at Mount Olive and now work at Picatinny. They are fourteen months apart and best friends. “I
wouldn’t want them in here. It’s very stressful, ” Faye laments. Each son has two children.
John and Rita have two daughters. One is a pharmaceutical inspector and the other is home
expecting her third child.
Faye speaks comfortably about her team at the diner. There are approximately ten full time
waitresses and many more part timers. Bill and John do most of the cooking, and there are
about six short order cooks as well. “We’re like a family here. We are not fast food. We are not
a chain restaurant. I’m not the boss. We’re not better than anyone. We are all the same. We
are all co workers. We are proud of what we do here.”
I am in awe of the work ethic and the family aspect, but Faye is so matter of fact. “We’re
average people. We are clean cut and church going people.” They don’t allow nonsense in the
diner. “I call nonsense drugs and alcohol.” They haven’t had many problems from patrons or
customers, but taught her children at a young age that nonsense will not be tolerated.
They work closely with their church, Saint Andrew in Randolph, as well as with St. Jude here in
town. The diner is often busiest when mass lets out. About the two churches, Faye says, “We
take care of them. They take care of us. They don’t want us ever to retire!” Faye laughs easily
and jovially. When I try to get her to pinpoint the most busy time in the diner, she can’t name
just one. “We have awesome dinners…breakfast is always busy….lunch was so busy
yesterday and it was only Tuesday! Nighttime is busy…..You never know.”
Working so closely with your family may not be everyone, but Faye speaks so highly of her
husband. She speaks of a time when they would go to Greece every other summer “so our kids
could know where we came from, know the culture, know where some of the homes and
property” that they own are located. Now, they can’t get away. The diner keeps them too busy.
Faye speaks about how on these trips, her husband would read a book a day. “He came to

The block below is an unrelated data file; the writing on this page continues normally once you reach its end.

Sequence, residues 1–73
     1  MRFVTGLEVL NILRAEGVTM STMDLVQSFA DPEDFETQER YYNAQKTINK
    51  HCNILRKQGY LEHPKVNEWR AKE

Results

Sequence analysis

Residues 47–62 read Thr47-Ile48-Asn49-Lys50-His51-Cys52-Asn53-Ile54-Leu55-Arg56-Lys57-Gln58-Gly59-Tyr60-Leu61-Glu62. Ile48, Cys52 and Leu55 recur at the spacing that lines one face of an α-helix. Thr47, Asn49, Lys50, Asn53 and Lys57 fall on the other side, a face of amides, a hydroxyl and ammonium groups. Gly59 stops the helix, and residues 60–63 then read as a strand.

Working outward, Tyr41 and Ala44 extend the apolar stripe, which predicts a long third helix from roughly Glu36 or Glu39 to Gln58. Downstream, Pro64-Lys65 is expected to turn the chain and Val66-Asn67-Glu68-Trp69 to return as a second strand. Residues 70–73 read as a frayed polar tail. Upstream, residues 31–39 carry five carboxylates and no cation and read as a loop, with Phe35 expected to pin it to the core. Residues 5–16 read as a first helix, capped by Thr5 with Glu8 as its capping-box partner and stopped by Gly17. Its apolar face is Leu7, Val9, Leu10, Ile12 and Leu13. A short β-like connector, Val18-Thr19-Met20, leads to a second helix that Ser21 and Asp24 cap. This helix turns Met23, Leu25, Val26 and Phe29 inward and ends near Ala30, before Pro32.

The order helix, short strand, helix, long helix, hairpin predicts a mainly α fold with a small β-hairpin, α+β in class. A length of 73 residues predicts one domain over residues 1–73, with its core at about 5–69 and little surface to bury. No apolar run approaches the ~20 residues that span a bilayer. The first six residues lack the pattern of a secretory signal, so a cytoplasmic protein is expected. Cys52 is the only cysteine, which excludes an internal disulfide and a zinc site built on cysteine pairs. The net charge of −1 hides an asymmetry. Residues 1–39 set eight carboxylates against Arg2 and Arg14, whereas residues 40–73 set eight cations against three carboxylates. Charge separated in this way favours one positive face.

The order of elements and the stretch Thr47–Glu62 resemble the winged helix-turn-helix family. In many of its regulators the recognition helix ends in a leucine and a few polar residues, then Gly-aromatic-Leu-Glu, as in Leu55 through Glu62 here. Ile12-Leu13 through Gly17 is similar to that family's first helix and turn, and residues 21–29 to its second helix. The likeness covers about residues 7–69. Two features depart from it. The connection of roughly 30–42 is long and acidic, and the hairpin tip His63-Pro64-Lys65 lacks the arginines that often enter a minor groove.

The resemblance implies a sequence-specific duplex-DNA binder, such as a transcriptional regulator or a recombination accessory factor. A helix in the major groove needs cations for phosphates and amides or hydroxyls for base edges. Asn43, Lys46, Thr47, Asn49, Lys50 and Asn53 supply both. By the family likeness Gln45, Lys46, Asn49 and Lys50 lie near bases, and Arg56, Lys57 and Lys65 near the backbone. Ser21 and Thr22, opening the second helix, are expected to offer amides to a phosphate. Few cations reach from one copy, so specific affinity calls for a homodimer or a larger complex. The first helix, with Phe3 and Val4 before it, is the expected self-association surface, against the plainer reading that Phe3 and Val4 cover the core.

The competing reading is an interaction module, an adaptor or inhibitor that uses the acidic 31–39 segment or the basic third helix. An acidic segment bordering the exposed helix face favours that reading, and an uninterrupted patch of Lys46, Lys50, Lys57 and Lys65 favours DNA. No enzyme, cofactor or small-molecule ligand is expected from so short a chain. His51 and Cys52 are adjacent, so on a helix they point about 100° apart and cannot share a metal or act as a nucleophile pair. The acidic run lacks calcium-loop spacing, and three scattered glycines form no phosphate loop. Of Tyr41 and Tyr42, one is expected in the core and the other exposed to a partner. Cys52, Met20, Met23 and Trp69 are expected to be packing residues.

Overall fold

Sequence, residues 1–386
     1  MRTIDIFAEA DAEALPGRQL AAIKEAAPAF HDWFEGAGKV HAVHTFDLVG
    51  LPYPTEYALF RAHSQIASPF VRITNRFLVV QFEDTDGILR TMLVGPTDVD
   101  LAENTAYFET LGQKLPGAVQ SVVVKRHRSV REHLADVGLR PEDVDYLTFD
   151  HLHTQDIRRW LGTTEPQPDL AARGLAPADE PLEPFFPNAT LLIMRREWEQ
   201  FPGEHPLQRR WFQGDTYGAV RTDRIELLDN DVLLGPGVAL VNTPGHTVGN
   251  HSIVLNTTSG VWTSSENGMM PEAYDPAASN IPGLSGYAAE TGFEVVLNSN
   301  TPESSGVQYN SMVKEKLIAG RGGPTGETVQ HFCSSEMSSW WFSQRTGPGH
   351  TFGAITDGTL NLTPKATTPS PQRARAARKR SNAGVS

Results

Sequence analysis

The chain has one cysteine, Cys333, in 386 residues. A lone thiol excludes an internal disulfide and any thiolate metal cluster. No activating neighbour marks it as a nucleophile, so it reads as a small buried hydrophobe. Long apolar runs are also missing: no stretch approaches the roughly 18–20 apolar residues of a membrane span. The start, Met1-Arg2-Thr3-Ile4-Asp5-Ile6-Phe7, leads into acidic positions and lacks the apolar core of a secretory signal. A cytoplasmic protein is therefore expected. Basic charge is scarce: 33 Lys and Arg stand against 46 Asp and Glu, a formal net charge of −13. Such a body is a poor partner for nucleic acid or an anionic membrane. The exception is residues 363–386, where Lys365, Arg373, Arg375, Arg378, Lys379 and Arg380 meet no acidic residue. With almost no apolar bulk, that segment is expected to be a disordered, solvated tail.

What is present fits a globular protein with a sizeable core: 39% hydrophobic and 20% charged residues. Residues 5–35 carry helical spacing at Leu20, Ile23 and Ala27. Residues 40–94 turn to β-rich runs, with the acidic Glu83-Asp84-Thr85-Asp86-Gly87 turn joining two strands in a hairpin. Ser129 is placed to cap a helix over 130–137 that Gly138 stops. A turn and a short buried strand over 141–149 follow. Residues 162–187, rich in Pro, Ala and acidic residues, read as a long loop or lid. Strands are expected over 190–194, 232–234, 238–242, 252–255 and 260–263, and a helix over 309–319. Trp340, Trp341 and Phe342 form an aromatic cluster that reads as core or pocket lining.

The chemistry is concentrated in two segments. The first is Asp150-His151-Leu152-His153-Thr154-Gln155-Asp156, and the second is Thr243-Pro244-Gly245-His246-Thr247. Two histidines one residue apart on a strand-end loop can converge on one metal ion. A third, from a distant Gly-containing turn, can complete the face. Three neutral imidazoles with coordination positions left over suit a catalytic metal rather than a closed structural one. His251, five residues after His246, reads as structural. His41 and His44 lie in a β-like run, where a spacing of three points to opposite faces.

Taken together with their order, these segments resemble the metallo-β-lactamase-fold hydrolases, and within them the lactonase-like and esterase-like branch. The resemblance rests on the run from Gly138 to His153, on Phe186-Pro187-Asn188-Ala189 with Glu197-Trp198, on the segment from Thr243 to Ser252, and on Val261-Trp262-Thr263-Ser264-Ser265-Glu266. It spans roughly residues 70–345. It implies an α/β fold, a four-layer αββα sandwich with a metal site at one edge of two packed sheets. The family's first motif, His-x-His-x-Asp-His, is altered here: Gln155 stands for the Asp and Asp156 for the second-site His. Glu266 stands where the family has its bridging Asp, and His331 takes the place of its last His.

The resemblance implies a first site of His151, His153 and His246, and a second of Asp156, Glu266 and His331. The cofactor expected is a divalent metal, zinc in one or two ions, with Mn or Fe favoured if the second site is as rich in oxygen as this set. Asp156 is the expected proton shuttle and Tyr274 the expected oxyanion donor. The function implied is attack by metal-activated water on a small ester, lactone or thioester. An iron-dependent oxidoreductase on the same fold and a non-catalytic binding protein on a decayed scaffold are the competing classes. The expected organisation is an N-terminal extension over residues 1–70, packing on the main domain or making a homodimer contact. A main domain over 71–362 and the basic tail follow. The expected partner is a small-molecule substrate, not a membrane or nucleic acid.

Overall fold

this country number one in his class. He traveled the world before he jumped ship in Jersey
City and became legal thirty eight years ago. He is not just a chef. He is very knowledgeable
about politics, world history, dates, and wars.”
Faye knows ninety to ninety-five percent of her customers. They come back because, “They
know it’s good. They say it’s tasty. Of course it’s tasty! Everything is fresh. Homemade. The
turkey, the chicken …nothing is out of a can. Well, just tomato paste, tomatoe puree and apple
sauce.” And she laughs again loudly and at home with her customers. “Everything is made to
order. It’s like a little factory.”
I could’ve stayed all day. I’m fascinated by people who succeed in life by persevering and
putting family about all. During our talk, Faye sent her young hostess off to school for the
afternoon, and now Faye will be taking over those duties for the rest of the day. Faye tells me
that Raeanna Cope is like a granddaughter to her and their easy banter supports this claim.
Now that Raeanna is out the door, a number of people have been trying to catch Faye’s eye,
and a few are waiting at the register for her to pay, so I start to pack up my belongings and
make noises about leaving. She says she will go get a piece of cheesecake for me to take
home. Faye returns with enough to feed eight tables worth of customers. With summer
approaching and a winter’s worth of weight on my waist, I tell myself I’ll just have a bite, but one
taste makes me a liar. I devour entirely too much upon my arrival home. It was supposed to be
lunch’s appetizer, but it instead replaces lunch entirely.
The food is delicious at the diner, but there’s a level of comfort reminiscent of home. You come
for the food, but you return for the feel of family.